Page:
“We need market intervention because we can no longer pay these prices,” Belgian Prime Minister Alexander De Croo defended, adding that support for some sort of cap had risen from three countries in March to 24 countries. now. This new proposal has attracted many ears at the top.

However, one of the main features of the summit was German Chancellor Olaf Scholtz’s attempt to go solo. Germany’s controversial plan to spend up to 200 billion euros ($194 billion) to help keep gas prices low for its own consumers and businesses has been harshly criticized by some of the participants. The Prague meeting was overshadowed by dissatisfaction with Germany’s $194 billion support package. Responses ranged from irritation to verbal outbursts, showing a deep divide between Berlin and those in the EU.

Polish Prime Minister Mateusz Morawiecki has been quite vocal against Germany for “destroying” the EU’s internal market by subsidizing his own companies while opposing a pan-European cap on gas prices. “The richest, most powerful country in the EU is trying to use this crisis to gain a competitive advantage for its companies in the single market. It is not fair. This is not how the single market should work. German selfishness must be put away,” was how Morawiecki expressed his resentment at the German proposal. Similar concerns have also emanated from other EU leaders about the fiscal gap between wealthy EU countries that have the deep pockets to offer lavish domestic subsidies and those that cannot.

Meanwhile Scholz, while trying to have a face-saving retreat, tried to cast the informal talks in Prague as a good attempt to clear up “misunderstandings” over the Berlin package, which he championed as the good thing to do, mentioning that Germany was not alone in this unilateral formula, and France, the Netherlands and others also resorted to some kind of domestic support programs.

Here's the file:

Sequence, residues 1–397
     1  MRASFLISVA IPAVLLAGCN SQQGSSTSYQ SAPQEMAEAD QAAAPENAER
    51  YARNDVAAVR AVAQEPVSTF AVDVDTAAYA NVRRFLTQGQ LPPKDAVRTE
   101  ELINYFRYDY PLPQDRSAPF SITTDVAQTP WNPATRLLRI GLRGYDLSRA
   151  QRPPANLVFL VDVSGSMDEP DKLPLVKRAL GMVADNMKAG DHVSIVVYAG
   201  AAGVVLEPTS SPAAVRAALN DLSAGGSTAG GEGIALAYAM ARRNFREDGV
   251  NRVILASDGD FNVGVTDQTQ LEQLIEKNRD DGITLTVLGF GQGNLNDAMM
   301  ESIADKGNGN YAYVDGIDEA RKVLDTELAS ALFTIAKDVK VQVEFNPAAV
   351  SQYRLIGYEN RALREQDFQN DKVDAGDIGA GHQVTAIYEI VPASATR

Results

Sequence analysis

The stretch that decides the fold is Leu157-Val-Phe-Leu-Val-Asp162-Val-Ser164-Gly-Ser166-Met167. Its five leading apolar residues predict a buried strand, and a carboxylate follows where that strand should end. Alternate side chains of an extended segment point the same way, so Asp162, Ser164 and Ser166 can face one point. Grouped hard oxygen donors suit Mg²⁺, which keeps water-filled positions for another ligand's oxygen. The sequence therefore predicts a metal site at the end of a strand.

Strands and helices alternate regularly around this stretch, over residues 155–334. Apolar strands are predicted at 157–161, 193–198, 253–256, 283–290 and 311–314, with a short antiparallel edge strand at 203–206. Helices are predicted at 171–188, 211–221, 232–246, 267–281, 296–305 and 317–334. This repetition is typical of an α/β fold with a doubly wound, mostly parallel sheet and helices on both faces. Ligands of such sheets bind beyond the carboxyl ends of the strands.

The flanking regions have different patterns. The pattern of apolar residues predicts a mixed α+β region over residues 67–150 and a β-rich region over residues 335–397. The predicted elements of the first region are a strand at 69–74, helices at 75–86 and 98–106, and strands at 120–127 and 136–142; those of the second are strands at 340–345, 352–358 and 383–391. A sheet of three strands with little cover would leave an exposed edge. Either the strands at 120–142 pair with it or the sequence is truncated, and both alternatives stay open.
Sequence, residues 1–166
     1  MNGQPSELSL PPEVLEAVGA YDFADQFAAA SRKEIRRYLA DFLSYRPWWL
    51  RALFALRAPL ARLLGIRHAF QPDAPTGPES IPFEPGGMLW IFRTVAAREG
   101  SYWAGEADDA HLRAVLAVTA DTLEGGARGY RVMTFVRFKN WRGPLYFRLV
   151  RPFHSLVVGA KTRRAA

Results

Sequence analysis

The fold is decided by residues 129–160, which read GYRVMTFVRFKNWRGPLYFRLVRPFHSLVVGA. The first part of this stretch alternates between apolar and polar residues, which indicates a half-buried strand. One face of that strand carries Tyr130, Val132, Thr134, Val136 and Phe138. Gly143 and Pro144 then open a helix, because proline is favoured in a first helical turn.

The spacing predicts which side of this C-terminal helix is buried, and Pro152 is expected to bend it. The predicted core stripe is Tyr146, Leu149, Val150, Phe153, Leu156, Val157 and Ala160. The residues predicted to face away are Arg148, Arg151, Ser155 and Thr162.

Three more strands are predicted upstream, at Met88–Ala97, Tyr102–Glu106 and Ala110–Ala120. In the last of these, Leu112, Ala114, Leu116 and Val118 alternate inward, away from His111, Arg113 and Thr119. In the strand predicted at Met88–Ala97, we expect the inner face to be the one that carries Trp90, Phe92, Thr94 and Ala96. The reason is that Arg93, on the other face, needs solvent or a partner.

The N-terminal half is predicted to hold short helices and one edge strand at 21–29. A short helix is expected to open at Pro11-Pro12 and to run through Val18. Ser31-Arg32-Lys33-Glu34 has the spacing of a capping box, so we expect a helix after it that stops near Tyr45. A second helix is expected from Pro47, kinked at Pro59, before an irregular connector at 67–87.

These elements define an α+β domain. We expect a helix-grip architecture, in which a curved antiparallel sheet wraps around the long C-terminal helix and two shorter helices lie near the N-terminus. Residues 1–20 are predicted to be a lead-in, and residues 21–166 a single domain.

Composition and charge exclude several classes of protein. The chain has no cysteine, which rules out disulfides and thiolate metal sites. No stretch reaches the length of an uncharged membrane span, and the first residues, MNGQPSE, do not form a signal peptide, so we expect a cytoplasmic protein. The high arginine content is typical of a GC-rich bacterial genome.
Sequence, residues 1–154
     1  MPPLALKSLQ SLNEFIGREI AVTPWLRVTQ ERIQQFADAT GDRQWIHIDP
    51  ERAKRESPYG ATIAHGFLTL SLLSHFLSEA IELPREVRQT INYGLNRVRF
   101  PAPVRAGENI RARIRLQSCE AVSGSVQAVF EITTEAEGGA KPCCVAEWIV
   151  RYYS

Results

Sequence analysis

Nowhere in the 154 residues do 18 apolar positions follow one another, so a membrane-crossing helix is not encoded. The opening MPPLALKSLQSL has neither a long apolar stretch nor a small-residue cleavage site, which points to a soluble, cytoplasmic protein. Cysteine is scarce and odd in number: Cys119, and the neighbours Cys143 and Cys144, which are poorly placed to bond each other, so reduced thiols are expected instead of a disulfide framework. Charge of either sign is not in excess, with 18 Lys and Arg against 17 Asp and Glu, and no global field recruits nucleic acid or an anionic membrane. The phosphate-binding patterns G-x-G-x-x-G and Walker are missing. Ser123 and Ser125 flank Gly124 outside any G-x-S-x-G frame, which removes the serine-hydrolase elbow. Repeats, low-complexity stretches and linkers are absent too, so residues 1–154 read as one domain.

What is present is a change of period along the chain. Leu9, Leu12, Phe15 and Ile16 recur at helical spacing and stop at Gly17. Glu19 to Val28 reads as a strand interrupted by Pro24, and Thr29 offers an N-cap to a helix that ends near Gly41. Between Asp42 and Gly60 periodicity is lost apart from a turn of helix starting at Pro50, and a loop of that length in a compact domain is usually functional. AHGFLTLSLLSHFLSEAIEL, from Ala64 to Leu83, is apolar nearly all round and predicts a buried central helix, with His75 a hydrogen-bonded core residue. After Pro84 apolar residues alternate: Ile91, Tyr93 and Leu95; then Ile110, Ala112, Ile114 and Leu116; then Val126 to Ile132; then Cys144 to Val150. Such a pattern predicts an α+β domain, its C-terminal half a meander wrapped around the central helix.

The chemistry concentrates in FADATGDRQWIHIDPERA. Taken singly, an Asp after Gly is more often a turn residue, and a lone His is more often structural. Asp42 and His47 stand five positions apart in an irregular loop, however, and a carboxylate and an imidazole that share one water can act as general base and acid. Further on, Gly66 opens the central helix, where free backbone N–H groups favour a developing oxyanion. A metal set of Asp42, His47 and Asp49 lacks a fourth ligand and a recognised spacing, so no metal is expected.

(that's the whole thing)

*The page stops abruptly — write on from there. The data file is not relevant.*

The manipulation of energy prices by Russian President Vladimir Putin, who, in addition to his skillful maneuvering of energy prices in parallel and open markets, also plays a psychological game of the nuclear threat. It has definitely created a unique dilemma for the entire European continent: how to continue financially and materially supporting Ukraine to finally bring Russia to its knees, and at the same time how to reduce its dependence on Russian energy supplies in a near future. But the greatest challenge for the European Union is how to develop a unanimous strategy to deal with this delicate situation.

The Prague meeting made it clear that Ukraine, while rekindling the desire for more unity and cohesion in the EU bloc, conversely brought to the surface the divisions simmering within from this forum. The only good news, for now, for the EU club is that Europe’s gas storage capacity stands at around 90%, even as Russia’s gas supply to the EU was reduced by 37% between January and August. So they don’t have to worry much about the coming winter. But the same cannot be said for the winter of 2023. The Ukrainian imbroglio continues to run at full speed with no sign of stopping in the near future.

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Berta D. Wells